It’s no surprise that the pandemic has compelled people to start a small business. In fact, there has been an increase in new business applications in the U.S. This could be attributed to the number of people who lost their jobs during the pandemic.
But while promoting your business is one thing, keeping up with the legalities is another. Unfortunately, the latter isn’t exciting for a business owner with a fledgling business. But it is your responsibility to ensure the legitimacy of your small business.
If you’re launching a startup amid a pandemic, here’s how to legally protect your small business:
1. Business Registration and Licensing
Business registration and licensing vary from one state to another and from one industry to another. That’s why it’s important to ask your local authority what the legal requirements are. For the most part, you’ll kick off your business by identifying your business structure:
- Sole Proprietorship: This business type is when you are the sole owner having complete control of your business.
- Partnership: This business structure is when you partner with two or more people to own and run a business.
- LLC/Corporation: This business type may not be appropriate to your plan of running a small business. For your reference, an LLC and a corporation both have a group of business owners. But while LLC members have an equity interest in the business, corporation owners have shares of stocks in the company.
Once you’ve identified your business structure, you can register your business names:
- Entity Name: This protects your business at a state level.
- Trademark: This protects your business at a federal level.
- Domain Name: This gives you the right to claim your business’ web address.
At this point, you can get the necessary business permits and licenses to make your small business legal and legitimate.
2. Legal Duties in Selling Goods or Services
When running a small business, you may be selling some goods or offering certain services. It’s important to get acquainted with the consumer laws on the sales of products or services. Here are some things you must keep in mind:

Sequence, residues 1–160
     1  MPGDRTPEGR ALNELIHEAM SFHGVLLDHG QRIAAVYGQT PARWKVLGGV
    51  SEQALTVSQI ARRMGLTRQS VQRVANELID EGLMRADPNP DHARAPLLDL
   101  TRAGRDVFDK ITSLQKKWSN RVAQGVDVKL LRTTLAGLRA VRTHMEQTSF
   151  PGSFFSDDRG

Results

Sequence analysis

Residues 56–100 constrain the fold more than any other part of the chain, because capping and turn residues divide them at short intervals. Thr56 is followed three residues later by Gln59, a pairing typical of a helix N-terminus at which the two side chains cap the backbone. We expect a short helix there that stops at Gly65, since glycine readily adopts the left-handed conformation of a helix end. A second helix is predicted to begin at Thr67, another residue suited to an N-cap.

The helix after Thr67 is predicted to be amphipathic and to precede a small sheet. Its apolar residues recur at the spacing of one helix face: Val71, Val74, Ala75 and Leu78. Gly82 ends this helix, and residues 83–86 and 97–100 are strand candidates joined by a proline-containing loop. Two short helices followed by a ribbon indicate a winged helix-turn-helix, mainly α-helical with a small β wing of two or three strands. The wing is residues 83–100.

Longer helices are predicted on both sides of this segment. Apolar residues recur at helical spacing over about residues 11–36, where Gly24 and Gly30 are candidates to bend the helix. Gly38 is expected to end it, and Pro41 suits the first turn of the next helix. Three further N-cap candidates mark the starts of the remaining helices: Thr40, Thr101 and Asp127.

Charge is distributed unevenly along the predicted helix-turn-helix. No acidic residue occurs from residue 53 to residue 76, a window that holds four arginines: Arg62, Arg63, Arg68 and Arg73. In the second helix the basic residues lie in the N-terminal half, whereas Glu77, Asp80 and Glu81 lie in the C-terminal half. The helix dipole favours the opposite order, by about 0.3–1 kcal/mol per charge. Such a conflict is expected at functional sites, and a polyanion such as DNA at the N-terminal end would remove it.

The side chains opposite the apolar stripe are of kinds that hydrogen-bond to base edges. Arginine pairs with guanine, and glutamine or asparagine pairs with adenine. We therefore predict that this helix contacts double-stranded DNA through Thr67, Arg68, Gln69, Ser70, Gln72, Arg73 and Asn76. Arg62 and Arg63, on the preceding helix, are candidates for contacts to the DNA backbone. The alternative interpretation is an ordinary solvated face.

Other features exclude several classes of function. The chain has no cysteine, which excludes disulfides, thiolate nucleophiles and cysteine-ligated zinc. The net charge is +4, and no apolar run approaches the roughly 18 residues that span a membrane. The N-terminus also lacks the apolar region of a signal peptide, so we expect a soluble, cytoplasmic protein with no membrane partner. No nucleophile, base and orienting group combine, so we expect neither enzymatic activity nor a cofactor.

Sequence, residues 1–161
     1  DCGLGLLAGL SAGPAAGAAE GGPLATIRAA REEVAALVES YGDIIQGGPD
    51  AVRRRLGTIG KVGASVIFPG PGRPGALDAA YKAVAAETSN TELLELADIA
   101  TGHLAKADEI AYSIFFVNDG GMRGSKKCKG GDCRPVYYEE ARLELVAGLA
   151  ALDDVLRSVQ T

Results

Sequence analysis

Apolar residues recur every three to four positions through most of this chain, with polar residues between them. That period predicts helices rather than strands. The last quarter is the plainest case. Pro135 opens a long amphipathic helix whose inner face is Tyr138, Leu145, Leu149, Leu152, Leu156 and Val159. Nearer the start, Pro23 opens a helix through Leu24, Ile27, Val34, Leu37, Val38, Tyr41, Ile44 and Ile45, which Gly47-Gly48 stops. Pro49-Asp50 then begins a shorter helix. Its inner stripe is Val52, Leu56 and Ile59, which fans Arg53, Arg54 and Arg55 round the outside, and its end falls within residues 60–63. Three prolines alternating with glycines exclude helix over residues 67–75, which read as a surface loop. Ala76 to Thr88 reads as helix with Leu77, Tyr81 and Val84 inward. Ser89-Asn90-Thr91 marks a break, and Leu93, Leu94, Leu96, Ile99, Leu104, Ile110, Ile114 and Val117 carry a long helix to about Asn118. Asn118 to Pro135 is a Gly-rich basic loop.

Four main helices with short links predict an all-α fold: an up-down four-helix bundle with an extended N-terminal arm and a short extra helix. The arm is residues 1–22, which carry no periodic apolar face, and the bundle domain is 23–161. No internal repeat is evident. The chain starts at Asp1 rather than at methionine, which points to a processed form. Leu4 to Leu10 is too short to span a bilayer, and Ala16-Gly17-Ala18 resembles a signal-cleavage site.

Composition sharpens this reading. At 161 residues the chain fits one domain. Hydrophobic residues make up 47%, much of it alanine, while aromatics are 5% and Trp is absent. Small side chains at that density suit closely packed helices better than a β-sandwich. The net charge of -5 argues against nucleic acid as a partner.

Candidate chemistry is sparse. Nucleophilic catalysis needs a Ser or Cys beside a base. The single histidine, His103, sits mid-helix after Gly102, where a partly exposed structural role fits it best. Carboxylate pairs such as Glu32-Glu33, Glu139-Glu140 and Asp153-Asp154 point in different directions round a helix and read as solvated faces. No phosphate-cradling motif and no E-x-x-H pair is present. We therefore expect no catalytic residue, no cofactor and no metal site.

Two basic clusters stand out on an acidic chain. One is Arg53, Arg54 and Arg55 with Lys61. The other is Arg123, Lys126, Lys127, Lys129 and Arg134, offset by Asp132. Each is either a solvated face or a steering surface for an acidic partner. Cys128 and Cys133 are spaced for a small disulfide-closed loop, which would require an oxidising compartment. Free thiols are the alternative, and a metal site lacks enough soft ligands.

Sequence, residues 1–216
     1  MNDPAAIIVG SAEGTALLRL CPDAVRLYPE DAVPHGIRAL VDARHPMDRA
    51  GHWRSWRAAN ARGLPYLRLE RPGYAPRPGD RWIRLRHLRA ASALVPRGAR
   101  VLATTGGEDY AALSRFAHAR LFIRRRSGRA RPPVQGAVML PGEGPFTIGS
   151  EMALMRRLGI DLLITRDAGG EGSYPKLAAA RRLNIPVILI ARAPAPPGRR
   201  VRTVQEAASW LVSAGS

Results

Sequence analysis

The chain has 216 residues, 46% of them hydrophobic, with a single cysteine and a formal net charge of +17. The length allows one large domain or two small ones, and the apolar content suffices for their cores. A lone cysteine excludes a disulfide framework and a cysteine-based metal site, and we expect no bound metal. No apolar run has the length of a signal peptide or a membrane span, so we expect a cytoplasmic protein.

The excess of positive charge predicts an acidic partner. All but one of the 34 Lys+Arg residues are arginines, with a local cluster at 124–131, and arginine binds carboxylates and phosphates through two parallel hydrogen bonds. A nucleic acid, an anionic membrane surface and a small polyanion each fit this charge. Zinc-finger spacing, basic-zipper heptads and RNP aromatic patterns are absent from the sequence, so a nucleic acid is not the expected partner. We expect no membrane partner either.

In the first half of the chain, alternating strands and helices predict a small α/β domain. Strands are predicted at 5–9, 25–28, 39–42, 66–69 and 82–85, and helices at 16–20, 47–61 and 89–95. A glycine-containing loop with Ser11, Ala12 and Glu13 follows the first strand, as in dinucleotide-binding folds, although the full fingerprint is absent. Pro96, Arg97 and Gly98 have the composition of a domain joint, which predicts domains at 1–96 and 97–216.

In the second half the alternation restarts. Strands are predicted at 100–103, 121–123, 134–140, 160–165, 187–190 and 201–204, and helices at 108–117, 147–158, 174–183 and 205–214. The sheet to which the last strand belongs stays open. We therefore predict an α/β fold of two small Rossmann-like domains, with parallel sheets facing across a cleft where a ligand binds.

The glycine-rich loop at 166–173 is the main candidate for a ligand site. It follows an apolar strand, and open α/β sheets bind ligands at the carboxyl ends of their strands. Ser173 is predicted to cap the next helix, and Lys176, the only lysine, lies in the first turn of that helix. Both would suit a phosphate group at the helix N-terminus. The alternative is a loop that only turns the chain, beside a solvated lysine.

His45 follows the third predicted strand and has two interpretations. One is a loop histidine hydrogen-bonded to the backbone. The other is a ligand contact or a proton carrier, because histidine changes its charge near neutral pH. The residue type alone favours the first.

- Setting standard contracts with fair terms and agreements
- Providing consumer guarantee
- Ensuring product safety or service quality
- Ensuring sales practice compliance
- Complying with tax obligations
3. Legal Scope for Leasing Property
If you don’t own a commercial property, you’ll most likely rent out a space for your small business. That is where a lease comes in.
A lease is a contract that shows the terms and agreements when you rent a property. As a tenant, you use the property and pay the owner for a specified period. As lease is a form of incorporeal right, it protects both parties. This means that both the lessee and lessor will face legal consequences if they fail to comply with the contract.
That said, be sure to read and understand the contract before signing it.
4. Legal Contracts for Employees
When running a small business, you may have a handful of employees working for you. Know that your employees are your best business assets. For this reason, you must legally protect them and ensure their overall welfare as well. Below are some business practices you must ensure:
- Fair salary/wage
- Just benefits and compensation
- Leave entitlements
- Tax compliance
- Employee records
- Equal opportunities
- Safe employment conditions
- Injury management
5. Insurance for Business Protection
Insurance is vital in any given business, be it a small-scale or a big-time company. It is meant to protect you and your business financially and legally.
There are a few types of insurance you may want to get for your small business. Here are some of these:
- General liability insurance: This protects your small business from various forms of financial loss such as property damage and personal injury.
- Product liability insurance: This protects your business when selling certain products if one of your products becomes defective.
- Commercial property insurance: This protects your business property from financial loss and property damage due to natural disasters or accidents.
- Other insurance types: There are other types of insurance specific to the type of small business you have. For instance, have worker’s compensation in place if you run a construction business with contractors working in dangerous sites. Also, consider an insurance underwriting service for your gun store to ensure that you get the right policy based on the risks involved in your firearm business.
When running a small business, it’s important to stay on top of your legal requirements. Consider the legalities of business registration and licensing, sales of goods or services, property lease, employee contracts, and insurance. With all these in place, you’ll legally protect your business and avoid any legal ramifications in the long run.